Lawyers and Parliamentarians

What is the issue?
The issue is whether MPs and MLAs should practice law in courts. By doing so, does it affect the quality of work in the legislative work?
Rules under Bar Council of India
  • Rule 49 of the Bar Council of India states that any full-time salaried employee, whether he or she belongs to a corporation, private firm, or the government, cannot practise as a lawyer before a court of law.
  • No public servant can engage in the pursuit of any other vocation and certainly cannot offer his or her services as a lawyer while in service.
Court Ruling
  • A five-judge Bench in M. Karunanidhi v. Union of India (1979) categorically stated that MPs and MLAs are public servants, though the employer-employee relationship will not apply to them. Mr. Karunanidhi had argued that he was not a public servant in a corruption case.
Practical issues
  • The work of a lawyer is a full-time activity. So is the work of MPs and MLAs; they are full-time members of Parliament and Assemblies.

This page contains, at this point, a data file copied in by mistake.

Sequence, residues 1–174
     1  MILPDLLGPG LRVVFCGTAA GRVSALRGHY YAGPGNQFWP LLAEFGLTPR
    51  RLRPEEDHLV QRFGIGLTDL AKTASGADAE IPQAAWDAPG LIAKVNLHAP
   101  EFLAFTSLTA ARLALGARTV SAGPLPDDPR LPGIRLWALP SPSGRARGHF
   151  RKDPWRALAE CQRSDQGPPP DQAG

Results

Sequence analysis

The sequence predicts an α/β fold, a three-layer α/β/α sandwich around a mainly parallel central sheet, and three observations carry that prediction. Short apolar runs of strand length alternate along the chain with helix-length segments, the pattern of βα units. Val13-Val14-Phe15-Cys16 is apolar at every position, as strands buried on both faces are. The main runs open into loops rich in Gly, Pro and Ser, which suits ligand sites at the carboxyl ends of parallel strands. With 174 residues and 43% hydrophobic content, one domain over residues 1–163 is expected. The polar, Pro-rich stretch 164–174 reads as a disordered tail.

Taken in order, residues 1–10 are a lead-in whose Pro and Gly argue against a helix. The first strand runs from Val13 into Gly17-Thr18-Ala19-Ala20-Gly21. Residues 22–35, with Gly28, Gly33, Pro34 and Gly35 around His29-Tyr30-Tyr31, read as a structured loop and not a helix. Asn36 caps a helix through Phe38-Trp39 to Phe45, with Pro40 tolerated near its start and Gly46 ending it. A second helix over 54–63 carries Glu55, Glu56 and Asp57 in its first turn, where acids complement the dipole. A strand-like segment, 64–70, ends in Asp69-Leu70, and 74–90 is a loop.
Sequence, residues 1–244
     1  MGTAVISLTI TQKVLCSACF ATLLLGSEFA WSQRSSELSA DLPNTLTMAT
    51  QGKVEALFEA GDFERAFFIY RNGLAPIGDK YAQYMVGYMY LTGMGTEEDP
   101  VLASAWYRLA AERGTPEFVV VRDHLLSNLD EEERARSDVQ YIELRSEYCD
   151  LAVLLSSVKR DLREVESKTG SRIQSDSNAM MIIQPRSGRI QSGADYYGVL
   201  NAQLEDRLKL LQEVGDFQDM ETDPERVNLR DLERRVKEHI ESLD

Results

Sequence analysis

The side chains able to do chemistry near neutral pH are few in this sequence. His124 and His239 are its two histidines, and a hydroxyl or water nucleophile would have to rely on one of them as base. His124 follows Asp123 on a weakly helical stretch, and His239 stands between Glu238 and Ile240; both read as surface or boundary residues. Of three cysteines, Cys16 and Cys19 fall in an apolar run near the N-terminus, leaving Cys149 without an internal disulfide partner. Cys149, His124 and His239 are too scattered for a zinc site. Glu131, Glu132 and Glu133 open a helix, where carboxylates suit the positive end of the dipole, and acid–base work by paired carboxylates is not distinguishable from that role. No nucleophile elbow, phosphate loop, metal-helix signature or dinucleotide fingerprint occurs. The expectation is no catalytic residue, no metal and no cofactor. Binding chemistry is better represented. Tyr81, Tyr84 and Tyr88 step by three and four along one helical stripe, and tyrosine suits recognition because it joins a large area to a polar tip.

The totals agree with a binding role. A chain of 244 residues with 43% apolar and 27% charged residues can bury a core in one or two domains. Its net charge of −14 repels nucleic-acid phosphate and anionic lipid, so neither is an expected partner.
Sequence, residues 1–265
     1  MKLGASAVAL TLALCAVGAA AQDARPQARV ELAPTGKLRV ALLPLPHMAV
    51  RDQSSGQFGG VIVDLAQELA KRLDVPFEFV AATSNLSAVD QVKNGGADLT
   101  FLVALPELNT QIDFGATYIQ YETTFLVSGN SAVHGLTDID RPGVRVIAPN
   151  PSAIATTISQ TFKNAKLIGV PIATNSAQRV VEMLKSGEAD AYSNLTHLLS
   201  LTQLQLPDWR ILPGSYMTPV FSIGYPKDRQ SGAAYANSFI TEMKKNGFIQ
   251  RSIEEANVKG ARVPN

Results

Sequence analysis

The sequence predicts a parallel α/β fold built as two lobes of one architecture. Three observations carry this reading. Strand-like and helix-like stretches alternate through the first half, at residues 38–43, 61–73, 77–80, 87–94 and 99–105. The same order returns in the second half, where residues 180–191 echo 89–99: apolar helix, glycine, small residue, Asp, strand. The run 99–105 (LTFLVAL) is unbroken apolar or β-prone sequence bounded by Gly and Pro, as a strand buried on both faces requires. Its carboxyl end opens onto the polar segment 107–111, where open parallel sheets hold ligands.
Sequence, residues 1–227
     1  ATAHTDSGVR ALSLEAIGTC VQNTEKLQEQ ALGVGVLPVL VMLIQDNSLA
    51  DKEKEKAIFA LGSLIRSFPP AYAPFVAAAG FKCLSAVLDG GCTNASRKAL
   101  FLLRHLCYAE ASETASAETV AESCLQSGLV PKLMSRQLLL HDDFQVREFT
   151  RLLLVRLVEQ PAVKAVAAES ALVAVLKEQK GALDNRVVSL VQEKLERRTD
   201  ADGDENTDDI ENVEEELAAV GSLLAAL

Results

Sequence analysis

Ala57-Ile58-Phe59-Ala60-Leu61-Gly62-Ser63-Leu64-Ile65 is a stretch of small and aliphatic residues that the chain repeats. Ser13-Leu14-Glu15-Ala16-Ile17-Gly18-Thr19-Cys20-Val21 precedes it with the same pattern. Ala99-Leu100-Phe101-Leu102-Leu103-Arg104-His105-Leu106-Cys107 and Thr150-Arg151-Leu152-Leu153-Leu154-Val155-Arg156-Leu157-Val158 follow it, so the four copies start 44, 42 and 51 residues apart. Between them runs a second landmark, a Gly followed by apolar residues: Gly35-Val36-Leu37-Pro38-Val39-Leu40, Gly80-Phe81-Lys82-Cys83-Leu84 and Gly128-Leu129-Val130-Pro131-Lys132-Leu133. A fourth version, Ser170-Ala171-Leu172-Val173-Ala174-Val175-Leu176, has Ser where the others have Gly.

• They have to take part in the proceedings of the House, meet people in their constituencies, and grapple with and address people’s issues. They have their work cut out.
  • To facilitate their work, they are given a bungalow and a car, an office and a salary. They should go and serve the people.
Ethical Issues
  • Also, no lawyer can benefit from the petitioner and the respondent. MPs and MLAs who are practicing lawyers take a fee from the petitioner and get their salary from the respondent, which is the Central or State government.
  • This is professional misconduct, as they end up enjoying the benefits of both.
  • There is also a conflict of interest. MPs and MLAs have the power to initiate impeachment proceedings against a judge, which means that they can pressurise the judge to give a favourable verdict when they plead before him or her in a case. When you take public money and argue against the government, it is professional misconduct.
  • When MPs and MLAs find a draft Bill wanting, they should argue in Parliament, not challenge it in a court of law. Also, they take retainership from a company, which raises questions of professional misconduct as well as conflict of interest.
  • Public servants are barred from engaging in other professional services, so on a similar note, we cannot allow legislators who are also public servants to argue cases in courts.
  • This is a violation of Articles 14, 15, and 21, which deal with the right to equality, prohibition of discrimination, and protection of life and personal liberty, respectively.

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